'Cesar Chavez': Just the facts leave biopic flat

THE WASHINGTON POSTMarch 28, 2014 

  • CESAR CHAVEZ ••

    Rated: PG-13, violence, strong language. Starring: Michael Pena, America Ferrera and Rosario Dawson. Director: Diego Luna. Running time: 101 minutes. Theaters: Edwards 14 in Nampa.

You don't get to be the namesake of countless roads, schools, buildings and even a state holiday unless you've led a pretty exceptional life. So why does the biopic "Cesar Chavez" make the folk hero seem like such a dull guy? That misfortune might not rank with the injustices Chavez spent his life fighting, but the movie does little to enhance the man's legacy.

Diego Luna usually spends his time in front of the camera - including a role in the much more successful biopic "Milk" - but he felt strongly enough about Chavez's story to direct it. He isn't wholly to blame for this flat outing. The script by Keir Pearson and Timothy J. Sexton is a disjointed, sometimes inscrutable historical retelling of Chavez's earliest accomplishments.

This should have been a plum role for the talented Michael Pena, who portrays Chavez, but he doesn't have the opportunity to do much more than recite trite adages.

The movie begins in the early 1960s as Chavez decides that his work for the civil rights group Community Service Organization isn't having a big enough impact. He decides to uproot his family and move to Delano, Calif., to help low-paid grape pickers organize unions. At the time, they were making $2 a day without even the benefit of free water.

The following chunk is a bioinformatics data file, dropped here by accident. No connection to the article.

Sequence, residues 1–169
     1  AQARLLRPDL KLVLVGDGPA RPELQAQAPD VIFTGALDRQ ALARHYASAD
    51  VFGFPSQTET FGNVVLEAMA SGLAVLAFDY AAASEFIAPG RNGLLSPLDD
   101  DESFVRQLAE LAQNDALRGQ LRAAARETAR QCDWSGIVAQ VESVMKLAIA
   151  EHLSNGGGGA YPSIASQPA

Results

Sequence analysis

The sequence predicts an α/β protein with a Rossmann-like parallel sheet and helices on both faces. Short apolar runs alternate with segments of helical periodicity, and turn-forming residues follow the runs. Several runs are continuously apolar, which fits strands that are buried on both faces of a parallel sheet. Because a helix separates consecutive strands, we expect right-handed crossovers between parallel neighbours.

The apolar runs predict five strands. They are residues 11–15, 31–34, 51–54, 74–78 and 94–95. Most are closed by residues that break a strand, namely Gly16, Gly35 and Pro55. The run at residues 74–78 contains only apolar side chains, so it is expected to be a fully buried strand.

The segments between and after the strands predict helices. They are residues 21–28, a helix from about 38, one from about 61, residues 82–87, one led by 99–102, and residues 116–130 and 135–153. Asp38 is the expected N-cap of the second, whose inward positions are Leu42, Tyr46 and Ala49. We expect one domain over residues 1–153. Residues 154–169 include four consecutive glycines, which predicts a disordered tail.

Chavez founds the National Farm Workers Association with the help of Dolores Huerta (Rosario Dawson, also painfully underused) and immediately ends up on the wrong side of the law, given that the sheriff (Michael Cudlitz) is in cahoots with the vineyard owners, including the sinister Bogdanovitch (John Malkovich). But the activist manages to overcome the opposition with unorthodox means, from a 340-mile march from Delano to Sacramento to a grocery store parking lot blitz, which he uses to persuade housewives to stop buying grapes and certain brands of wine.

He also meets with Robert F. Kennedy, fasts for 25 days to promote nonviolence and travels to Europe to tell consumers across the pond why they should stop buying American produce.

Pretty exciting stuff - or it should have been. But we get little insight into Chavez's character. We see what he does, but not who he is.

It all seems like a waste of talent, but worse still, "Cesar Chavez" squanders an opportunity to revisit a story worth retelling.

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